If the elf mini is “painterly” (more about the visual than the tactile), and the dwarf mini is “plastic” (more about the tactile than the visual), then the goblin mini is haptic — it’s not about the visual at all.

Are you familiar with the haptic homunculus? It’s a pictorial representation of the human body, where those parts of the body with denser nerve endings are depicted proportionally larger than less sensitive parts. Congenitally blind children often sculpt the body with these proportions.


Goblin features and body parts are all out of proportion. They’re haptic homunculi.


Early Citadel lead miniatures [Citadel produced minis in the late ’70s and early ’80s, before being absorbed by Games Workshop] were less perfect, in some ways, than today’s miniatures. By which I mean they were less “painterly” — more crude, less perfect as pictured things. But they occupied space and held mass in an impressively “plastic” way, which suggests that they were more purely sculptural than today’s minis.

1980s Citadel miniature
1980s Citadel miniature

Plus, Citadel minis were made of lead: they were heavier than today’s minis. The miniature is a tactile, haptic art-form.

The handling of carved objects, according to Read, played a key role in the development of sculpture away from a purely decorative function towards an art form: “Again, as in Greece and Egypt, it was only in and through Kleinplastik, small objects that can actually be handled, that sculpture became emancipated from all architectonic and utilitarian purposes and conceived as an independent plastic art.”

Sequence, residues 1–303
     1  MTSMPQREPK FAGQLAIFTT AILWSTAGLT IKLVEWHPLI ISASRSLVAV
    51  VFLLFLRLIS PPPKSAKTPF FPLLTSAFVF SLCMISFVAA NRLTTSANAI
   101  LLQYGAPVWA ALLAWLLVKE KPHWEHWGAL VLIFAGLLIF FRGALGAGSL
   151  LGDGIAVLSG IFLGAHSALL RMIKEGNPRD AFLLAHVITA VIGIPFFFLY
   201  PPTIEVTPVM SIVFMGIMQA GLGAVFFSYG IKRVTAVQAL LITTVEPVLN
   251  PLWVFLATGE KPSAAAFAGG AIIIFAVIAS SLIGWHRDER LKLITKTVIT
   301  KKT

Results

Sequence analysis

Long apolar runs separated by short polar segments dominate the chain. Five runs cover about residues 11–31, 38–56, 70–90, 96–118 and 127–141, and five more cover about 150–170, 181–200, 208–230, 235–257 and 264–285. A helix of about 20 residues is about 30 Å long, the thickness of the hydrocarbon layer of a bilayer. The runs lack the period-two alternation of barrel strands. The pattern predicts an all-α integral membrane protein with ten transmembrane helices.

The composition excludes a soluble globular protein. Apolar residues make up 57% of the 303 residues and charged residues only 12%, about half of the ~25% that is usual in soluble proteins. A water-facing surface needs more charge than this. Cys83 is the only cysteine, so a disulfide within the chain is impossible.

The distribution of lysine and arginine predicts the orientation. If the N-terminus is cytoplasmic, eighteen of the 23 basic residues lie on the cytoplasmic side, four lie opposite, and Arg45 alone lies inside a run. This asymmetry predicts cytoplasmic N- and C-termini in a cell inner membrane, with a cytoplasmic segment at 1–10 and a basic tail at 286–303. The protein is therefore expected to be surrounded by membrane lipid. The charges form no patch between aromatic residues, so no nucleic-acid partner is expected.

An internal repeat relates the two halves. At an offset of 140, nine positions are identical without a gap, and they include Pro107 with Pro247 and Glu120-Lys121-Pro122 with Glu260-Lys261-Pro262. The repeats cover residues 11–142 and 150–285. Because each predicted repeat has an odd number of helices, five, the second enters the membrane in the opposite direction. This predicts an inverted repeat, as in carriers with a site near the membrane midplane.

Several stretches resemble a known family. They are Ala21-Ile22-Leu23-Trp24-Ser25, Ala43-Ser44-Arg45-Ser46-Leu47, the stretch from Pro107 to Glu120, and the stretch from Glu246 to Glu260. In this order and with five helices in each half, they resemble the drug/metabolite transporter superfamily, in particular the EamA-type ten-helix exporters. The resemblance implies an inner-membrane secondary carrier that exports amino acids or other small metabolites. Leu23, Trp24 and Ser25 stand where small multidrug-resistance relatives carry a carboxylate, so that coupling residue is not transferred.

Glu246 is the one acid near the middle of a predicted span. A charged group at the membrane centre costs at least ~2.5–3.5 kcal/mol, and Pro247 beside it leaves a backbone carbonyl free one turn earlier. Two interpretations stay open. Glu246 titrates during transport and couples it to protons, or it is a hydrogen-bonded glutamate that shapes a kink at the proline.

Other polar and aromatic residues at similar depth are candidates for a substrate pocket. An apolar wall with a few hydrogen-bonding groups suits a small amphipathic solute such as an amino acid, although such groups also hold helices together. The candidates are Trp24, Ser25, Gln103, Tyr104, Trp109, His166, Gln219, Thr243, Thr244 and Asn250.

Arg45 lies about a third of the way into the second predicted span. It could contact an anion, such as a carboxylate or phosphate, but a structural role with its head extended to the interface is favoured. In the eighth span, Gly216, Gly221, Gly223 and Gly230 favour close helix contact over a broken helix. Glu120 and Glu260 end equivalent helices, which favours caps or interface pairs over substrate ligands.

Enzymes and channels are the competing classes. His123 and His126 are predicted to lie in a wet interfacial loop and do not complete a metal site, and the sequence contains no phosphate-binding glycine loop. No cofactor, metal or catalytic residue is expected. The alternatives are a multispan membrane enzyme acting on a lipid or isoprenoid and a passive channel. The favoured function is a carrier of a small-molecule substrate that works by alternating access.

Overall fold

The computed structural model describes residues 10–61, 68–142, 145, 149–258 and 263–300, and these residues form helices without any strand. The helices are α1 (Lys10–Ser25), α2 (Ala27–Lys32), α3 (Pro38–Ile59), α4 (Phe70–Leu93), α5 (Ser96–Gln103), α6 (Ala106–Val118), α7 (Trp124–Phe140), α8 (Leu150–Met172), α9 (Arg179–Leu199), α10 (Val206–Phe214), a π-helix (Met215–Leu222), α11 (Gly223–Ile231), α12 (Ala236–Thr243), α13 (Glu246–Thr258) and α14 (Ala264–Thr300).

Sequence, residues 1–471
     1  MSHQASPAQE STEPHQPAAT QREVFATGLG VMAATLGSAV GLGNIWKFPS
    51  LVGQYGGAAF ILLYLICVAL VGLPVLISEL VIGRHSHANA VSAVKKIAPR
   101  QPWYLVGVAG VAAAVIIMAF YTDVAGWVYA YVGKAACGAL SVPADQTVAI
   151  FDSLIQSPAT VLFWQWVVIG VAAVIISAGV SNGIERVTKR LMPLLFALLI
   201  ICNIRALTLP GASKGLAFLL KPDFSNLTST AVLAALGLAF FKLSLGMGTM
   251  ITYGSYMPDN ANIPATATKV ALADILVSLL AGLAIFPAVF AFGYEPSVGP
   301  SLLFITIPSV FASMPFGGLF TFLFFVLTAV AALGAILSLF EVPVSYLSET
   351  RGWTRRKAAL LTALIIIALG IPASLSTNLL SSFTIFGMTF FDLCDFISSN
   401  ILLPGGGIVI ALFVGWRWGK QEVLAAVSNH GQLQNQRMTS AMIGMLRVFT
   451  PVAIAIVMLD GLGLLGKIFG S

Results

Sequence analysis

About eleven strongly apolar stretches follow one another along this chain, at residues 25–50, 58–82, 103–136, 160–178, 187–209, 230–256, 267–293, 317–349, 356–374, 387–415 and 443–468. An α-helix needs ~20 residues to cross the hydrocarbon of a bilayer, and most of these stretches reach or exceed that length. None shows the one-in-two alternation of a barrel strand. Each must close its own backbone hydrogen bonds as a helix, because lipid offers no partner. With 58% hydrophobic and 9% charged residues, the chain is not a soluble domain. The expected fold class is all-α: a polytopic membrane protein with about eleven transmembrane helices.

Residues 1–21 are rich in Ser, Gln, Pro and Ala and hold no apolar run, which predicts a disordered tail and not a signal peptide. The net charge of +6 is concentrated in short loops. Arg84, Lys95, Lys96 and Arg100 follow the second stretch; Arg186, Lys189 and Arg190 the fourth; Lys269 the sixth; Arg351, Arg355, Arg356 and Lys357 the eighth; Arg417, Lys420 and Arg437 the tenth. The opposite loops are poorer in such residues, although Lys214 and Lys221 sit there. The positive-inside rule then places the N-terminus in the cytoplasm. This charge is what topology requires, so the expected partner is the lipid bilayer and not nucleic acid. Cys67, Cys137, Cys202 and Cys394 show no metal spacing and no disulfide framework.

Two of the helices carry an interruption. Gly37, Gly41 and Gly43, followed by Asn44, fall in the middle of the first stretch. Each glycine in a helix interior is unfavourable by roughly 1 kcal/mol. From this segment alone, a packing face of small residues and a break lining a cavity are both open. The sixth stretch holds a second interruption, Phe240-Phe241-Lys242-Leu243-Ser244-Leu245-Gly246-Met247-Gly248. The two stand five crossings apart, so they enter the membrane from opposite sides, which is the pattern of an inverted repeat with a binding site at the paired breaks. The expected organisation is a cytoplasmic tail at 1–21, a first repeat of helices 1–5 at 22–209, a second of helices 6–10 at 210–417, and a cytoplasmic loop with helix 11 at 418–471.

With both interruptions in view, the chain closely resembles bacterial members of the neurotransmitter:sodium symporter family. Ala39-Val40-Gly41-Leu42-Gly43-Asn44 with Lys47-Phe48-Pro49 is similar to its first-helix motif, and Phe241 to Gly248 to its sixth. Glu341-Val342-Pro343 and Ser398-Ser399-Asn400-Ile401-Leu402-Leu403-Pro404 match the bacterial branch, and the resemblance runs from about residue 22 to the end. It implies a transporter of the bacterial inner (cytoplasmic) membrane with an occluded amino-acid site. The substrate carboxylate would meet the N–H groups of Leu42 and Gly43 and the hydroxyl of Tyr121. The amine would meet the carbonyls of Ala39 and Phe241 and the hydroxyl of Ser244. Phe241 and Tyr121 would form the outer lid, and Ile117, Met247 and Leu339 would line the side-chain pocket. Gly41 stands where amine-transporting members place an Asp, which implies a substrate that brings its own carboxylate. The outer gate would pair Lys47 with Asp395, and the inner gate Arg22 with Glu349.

This gets at what I find so intriguing about minis. They’re not meant to be simply looked at, like a painting, but handled.



CURATED SERIES at HILOBROW: UNBORED CANON by Josh Glenn | CARPE PHALLUM by Patrick Cates | MS. K by Heather Kasunick | HERE BE MONSTERS by Mister Reusch | DOWNTOWNE by Bradley Peterson | #FX by Michael Lewy | PINNED PANELS by Zack Smith | TANK UP by Tony Leone | OUTBOUND TO MONTEVIDEO by Mimi Lipson | TAKING LIBERTIES by Douglas Wolk | STERANKOISMS by Douglas Wolk | MARVEL vs. MUSEUM by Douglas Wolk | NEVER BEGIN TO SING by Damon Krukowski | WTC WTF by Douglas Wolk | COOLING OFF THE COMMOTION by Chenjerai Kumanyika | THAT’S GREAT MARVEL by Douglas Wolk | LAWS OF THE UNIVERSE by Chris Spurgeon | IMAGINARY FRIENDS by Alexandra Molotkow | UNFLOWN by Jacob Covey | ADEQUATED by Franklin Bruno | QUALITY JOE by Joe Alterio | CHICKEN LIT by Lisa Jane Persky | PINAKOTHEK by Luc Sante | ALL MY STARS by Joanne McNeil | BIGFOOT ISLAND by Michael Lewy | NOT OF THIS EARTH by Michael Lewy | ANIMAL MAGNETISM by Colin Dickey | KEEPERS by Steph Burt | AMERICA OBSCURA by Andrew Hultkrans | HEATHCLIFF, FOR WHY? by Brandi Brown | DAILY DRUMPF by Rick Pinchera | BEDROOM AIRPORT by “Parson Edwards” | INTO THE VOID by Charlie Jane Anders | WE REABSORB & ENLIVEN by Matthew Battles | BRAINIAC by Joshua Glenn | COMICALLY VINTAGE by Comically Vintage | BLDGBLOG by Geoff Manaugh | WINDS OF MAGIC by James Parker | MUSEUM OF FEMORIBILIA by Lynn Peril | ROBOTS + MONSTERS by Joe Alterio | MONSTOBER by Rick Pinchera | POP WITH A SHOTGUN by Devin McKinney | FEEDBACK by Joshua Glenn | 4CP FTW by John Hilgart | ANNOTATED GIF by Kerry Callen | FANCHILD by Adam McGovern | BOOKFUTURISM by James Bridle | NOMADBROW by Erik Davis | SCREEN TIME by Jacob Mikanowski | FALSE MACHINE by Patrick Stuart | 12 DAYS OF SIGNIFICANCE | 12 MORE DAYS OF SIGNIFICANCE | 12 DAYS OF SIGNIFICANCE (AGAIN) | ANOTHER 12 DAYS OF SIGNIFICANCE | UNBORED MANIFESTO by Joshua Glenn and Elizabeth Foy Larsen | H IS FOR HOBO by Joshua Glenn | 4CP FRIDAY by guest curators


Browbeating, Sculpture